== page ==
Bentley's women's basketball coach on cusp of 1,000 wins
NEW YORK (AP) Barbara Stevens couldn't imagine being mentioned in the same conversation with Geno Auriemma and Pat Summitt.
Yet Bentley's longtime women's basketball coach has a chance to join those two icons in the 1,000-victory club on Wednesday. A win over Adelphi, which has beaten Bentley four straight times, would give Stevens 1,000 wins, making her the fifth women's college basketball coach to reach that milestone. Tara VanDerveer and Sylvia Hatchell are the others.
''You look at all those coaches. They are huge names in the sport,'' Stevens told The Associated Press by phone. ''I don't see the connection with me and them. I found my niche and I don't need any limelight. I don't need anything like that. What I'm trying to do in a small way is create a program that can be successful and that's it.''
Stevens has been remarkably successful at the Division II school nestled 12 miles outside Boston. She has 842 of her wins at the school since becoming coach in 1986. She's had only one losing season in her 32 years there and went 35-0 in 2014. Her coaching career started at Clark when she was 23 years old. She then went to UMass for three seasons before joining Bentley.
''It's very meaningful to me to have continuity at Bentley,'' Stevens said. ''I loved my job at Clark University, loved the people I worked with. I left because I thought that careerwise you're supposed to move up if you have the opportunity. It's what you're supposed to do so. If people want you, I had those visions in my head. I left Clark to go to UMass-Amherst. It was difficult, those were three unsuccessful seasons. I was glad to go to Bentley.''
She's had offers from Division I schools but is happy to stay where she's had unprecedented success.
''I had some people reach out to me as I've been here at Bentley. It would have to take something really special. Not that those places weren't special. They were very enticing,'' Stevens recalled. ''What I learned from being at UMass and at Clark was that for me personally it's not about being a Division I coach, it's not about the ego. It's about my happiness, feeling that I could make a difference.''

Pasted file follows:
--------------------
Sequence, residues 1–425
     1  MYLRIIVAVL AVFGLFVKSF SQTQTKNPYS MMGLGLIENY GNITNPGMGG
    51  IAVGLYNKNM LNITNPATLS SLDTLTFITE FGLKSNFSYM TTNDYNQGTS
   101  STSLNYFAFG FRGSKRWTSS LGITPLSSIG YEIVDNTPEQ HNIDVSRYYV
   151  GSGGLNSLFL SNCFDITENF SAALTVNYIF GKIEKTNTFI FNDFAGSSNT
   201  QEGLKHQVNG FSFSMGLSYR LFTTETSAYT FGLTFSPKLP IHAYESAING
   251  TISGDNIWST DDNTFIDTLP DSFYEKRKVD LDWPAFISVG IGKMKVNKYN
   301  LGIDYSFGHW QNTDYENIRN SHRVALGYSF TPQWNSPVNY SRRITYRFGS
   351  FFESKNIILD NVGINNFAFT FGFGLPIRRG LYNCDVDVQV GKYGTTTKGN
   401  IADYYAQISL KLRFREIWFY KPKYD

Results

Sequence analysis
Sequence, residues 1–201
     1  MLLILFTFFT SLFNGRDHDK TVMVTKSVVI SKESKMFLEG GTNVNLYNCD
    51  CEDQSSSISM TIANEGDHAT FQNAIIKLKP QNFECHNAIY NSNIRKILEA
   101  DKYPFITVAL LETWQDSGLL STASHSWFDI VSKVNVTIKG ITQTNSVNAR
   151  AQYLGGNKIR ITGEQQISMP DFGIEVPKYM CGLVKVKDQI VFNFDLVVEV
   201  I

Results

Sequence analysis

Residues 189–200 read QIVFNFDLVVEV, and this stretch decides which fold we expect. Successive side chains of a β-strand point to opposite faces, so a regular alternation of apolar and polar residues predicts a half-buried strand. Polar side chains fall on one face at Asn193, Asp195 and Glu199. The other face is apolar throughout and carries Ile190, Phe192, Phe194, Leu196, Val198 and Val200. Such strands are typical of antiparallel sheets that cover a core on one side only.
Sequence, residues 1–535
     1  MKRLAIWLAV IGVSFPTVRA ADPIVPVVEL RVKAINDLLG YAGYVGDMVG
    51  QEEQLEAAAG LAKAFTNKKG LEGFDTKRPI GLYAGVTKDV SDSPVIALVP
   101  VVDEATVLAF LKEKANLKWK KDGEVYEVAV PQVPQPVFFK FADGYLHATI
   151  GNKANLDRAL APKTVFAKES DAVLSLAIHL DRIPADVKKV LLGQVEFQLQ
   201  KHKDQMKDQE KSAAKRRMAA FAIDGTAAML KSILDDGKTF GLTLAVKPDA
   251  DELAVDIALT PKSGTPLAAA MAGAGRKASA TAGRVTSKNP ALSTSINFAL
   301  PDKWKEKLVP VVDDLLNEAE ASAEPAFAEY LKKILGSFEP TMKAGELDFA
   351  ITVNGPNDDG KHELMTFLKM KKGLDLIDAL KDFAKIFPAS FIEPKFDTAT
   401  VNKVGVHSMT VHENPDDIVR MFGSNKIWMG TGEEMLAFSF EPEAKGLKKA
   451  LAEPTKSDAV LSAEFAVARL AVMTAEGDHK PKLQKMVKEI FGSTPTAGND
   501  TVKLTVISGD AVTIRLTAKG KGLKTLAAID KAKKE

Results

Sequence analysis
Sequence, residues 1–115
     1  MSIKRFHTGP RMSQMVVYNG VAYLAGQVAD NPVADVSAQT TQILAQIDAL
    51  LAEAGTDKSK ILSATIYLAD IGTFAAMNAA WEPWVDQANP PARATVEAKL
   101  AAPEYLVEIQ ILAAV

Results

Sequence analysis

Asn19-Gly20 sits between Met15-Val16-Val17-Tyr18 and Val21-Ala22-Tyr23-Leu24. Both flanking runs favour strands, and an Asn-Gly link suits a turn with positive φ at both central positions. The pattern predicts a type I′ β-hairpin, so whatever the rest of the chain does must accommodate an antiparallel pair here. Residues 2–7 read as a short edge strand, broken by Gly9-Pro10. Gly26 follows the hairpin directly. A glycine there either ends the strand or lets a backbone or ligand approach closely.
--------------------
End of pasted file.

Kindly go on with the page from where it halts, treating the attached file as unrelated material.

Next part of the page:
Stevens remembers the players she coached more than the wins. Her first came against Western New England on Dec. 1, 1977.
She feels uneasy with the spotlight as she approaches No. 1,000.
''All of us, if you're involved in a team sport, it's all about the team,'' she said. ''The focus on one person, me, is really uncomfortable. I think part of the pressure comes with the fact that the school is putting some things together.''
Stevens said she addressed it with her team at practice on Monday, apologizing for the distraction.
''I'm sensitive to how they feel, sensitive to prepare them the exact same way. I don't want them to feel this is all on their shoulders,'' she said.
At 16-1 this season, Stevens knows the milestone will come soon if not Wednesday. She just wants it to be over so she can focus on the next game.
Stevens is already linked to Auriemma. The two entered the Women's Basketball Hall of Fame together in 2006. She also worked with him at the USA Basketball Olympic Festival in the early 1990s. UConn's coach is thrilled Stevens is about to join him in the 1,000-win club.
''I have found her to be one of my favorite people in the profession,'' Auriemma said. ''The way she runs her program is impressive, but the most impressive aspect of her program is how consistently they compete for and win championships. I think, regardless of what division we are talking about, Barb is one of the best coaches in the country and I am so thrilled for her.''
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